Failing to make the connection
Amira Hass
May 2002

At one of the hundreds of roadblocks and checkpoints the Israeli Defense Force has across the West Bank, a soldier stopped the car of A.T. Inside the car was also A.T's 10-year-old son, who stared at the uniformed soldier approaching the car. The soldier's rifle was half-slung, half-aimed. "You want peace? You want peace?" the soldier asked, surprising A.T., a member of the People's Party, formerly known as the Palestinian Communist Party. When it was still very unpopular, his party supported a two-state solution of a Palestinian state alongside Israel.

"Yes," A.T. answered. "Of course I want peace."

He didn't get to explain what he meant by peace when the soldier interrupted him. "So why does your son look at me with such hatred?"

The soldier is one of the people, and like the people, he doesn't see any connection between the fact that he is in the territories as an occupation soldier and his side has unlimited power to determine every facet of life in the lives of the occupied people-and the "hatred" toward him.

Like most of his people, he sees no connection between the expropriation of Palestinian land for expanding settlements for Jews only and the ban on Palestinian construction on their lands or even to install a water pipe, because it's in Area C, meaning under Israeli security and civil command-and the stone throwing at Israeli cars. He sees no connection between the green lawns of the settlements when there's not enough water to drink in Palestinian villages and refugee camps next door-and the Palestinian gunfire at settlements and Israeli civilians driving on roads that are forbidden to Palestinian drivers.

Like most Israelis, he's convinced there's no difference between a suicide mission and terrorist attacks in Jerusalem-and Palestinian attacks on soldiers and settlers. Therefore he can't find any connection between the hundreds of Palestinian civilians who were killed by IDF fire in the last year and the widespread popular support for the terror attacks inside Israel. He also apparently can't see that an assassination of Palestinian leaders is not only a successful military operation but a proven recipe for encouraging more Palestinians to choose the armed struggle. He's convinced that he and his friends are only defending themselves from people who "simply hate" him and all the Jews.

At another checkpoint, a soldier stopped K.D., a top Fatah officer. His 5-year-old son was beside him, on the soldier's side of the car. K.D. gave his ID card to his son and guided him to say, in Hebrew, "good evening." The child practices a few times, and when the soldier peers into the car, he hears "Good evening" from the boy. "A great evening," says the surprised soldier with a big smile, and doesn't even check the ID card.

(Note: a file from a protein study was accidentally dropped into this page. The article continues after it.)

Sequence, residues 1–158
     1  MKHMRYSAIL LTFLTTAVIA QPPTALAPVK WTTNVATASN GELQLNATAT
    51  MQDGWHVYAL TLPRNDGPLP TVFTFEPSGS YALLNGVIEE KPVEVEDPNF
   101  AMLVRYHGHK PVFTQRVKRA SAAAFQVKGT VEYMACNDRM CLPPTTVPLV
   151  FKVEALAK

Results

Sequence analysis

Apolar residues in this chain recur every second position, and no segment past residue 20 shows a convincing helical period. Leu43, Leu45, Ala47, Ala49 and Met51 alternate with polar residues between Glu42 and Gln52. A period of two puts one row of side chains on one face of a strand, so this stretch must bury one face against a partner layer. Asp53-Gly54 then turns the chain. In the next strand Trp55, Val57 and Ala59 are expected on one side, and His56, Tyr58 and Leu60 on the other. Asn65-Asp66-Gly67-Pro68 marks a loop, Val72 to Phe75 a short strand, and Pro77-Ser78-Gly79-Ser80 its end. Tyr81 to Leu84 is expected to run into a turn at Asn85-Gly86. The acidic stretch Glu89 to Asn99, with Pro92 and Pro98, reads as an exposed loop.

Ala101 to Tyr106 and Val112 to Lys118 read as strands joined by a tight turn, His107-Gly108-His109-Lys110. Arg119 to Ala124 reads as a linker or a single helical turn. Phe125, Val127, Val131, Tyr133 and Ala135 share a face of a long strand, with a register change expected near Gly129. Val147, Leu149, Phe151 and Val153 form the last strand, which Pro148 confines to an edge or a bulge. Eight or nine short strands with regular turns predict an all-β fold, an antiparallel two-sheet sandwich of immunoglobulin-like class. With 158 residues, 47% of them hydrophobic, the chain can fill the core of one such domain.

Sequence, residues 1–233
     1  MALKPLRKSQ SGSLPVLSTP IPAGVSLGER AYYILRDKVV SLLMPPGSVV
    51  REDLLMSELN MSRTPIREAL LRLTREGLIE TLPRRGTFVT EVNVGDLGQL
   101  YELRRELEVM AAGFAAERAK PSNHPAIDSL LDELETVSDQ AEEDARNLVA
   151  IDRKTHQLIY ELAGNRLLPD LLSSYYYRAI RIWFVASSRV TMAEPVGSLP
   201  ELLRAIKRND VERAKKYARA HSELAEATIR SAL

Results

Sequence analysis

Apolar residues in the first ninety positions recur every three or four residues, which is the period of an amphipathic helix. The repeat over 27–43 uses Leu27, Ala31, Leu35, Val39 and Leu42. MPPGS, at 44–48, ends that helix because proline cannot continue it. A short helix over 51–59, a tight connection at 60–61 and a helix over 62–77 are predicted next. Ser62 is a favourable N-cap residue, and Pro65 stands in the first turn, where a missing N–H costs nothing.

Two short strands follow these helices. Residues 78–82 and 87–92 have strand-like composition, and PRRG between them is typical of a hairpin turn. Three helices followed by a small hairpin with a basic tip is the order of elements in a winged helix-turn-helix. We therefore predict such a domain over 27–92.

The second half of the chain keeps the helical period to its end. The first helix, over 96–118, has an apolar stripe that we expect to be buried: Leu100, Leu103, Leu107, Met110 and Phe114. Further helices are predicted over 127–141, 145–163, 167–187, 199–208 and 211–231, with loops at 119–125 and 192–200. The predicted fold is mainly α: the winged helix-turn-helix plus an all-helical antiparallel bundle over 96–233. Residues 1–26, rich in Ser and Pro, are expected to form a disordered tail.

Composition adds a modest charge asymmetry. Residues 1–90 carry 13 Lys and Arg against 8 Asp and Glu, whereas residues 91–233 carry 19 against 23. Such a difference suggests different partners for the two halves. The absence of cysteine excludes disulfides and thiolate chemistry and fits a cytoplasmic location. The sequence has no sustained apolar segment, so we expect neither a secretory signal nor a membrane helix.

K.D. is in favor of continuing the intifada. He doesn't see a "reason" for the Palestinian gunfire to draw IDF fire. He won't advise his armed associates to stop shooting Israelis-soldiers and settlers. The settlement close to where he lives is built on his village's land and on land taken from his family. But he also spent a lot of years in Israeli prisons. That's where he learned about Israeli society and to understand it's not one-dimensional-and won't go away. He's known Israelis who tortured him and he's known prison guards who told him about longing for their girl friend. He learned Hebrew in prison, and through Hebrew, learned about Israeli culture.

He's not alone. His generation, the 30- to 50-year-olds, were in their youth active opponents of the Israeli occupation, were jailed for years, worked in Israel and traveled through the country. They are now the backbone of the PLO and the solution it has been trying to advance for the last several years: a two-state solution with a Palestinian state in the West Bank and Gaza.

K.D. is neither a sycophant nor a hypocrite, teaching his son to say "Good evening" in Hebrew to the soldier. He opposes the occupation, supports active resistance against it, but at the same time he is capable of perceiving the man inside the uniform. And he's frustrated that his son will also grow up under Israeli occupation, in the shadow of the tanks, the shooting, the shelling and the daily deaths.

K.D.'s generation is still the dominant one--but not for long. Palestinian society is young, and a new generation of Palestinians who only know the soldiers and settlers, is growing up, telling the older generation that the solution they propose for independence, has not proved itself and new ways should be sought, where death is no deterrent because life has become so insufferable.

At another checkpoint, at one in the morning, a few hours after the shooting on the Modi'in-Pisgat Ze'ev highway on Saturday, a soldier rubs his hands and asks "Why don't you journalists do something already to end it? I'm fed up. I want to go home."

Amira Hass is a frequent contributor to Znet. See Znet,

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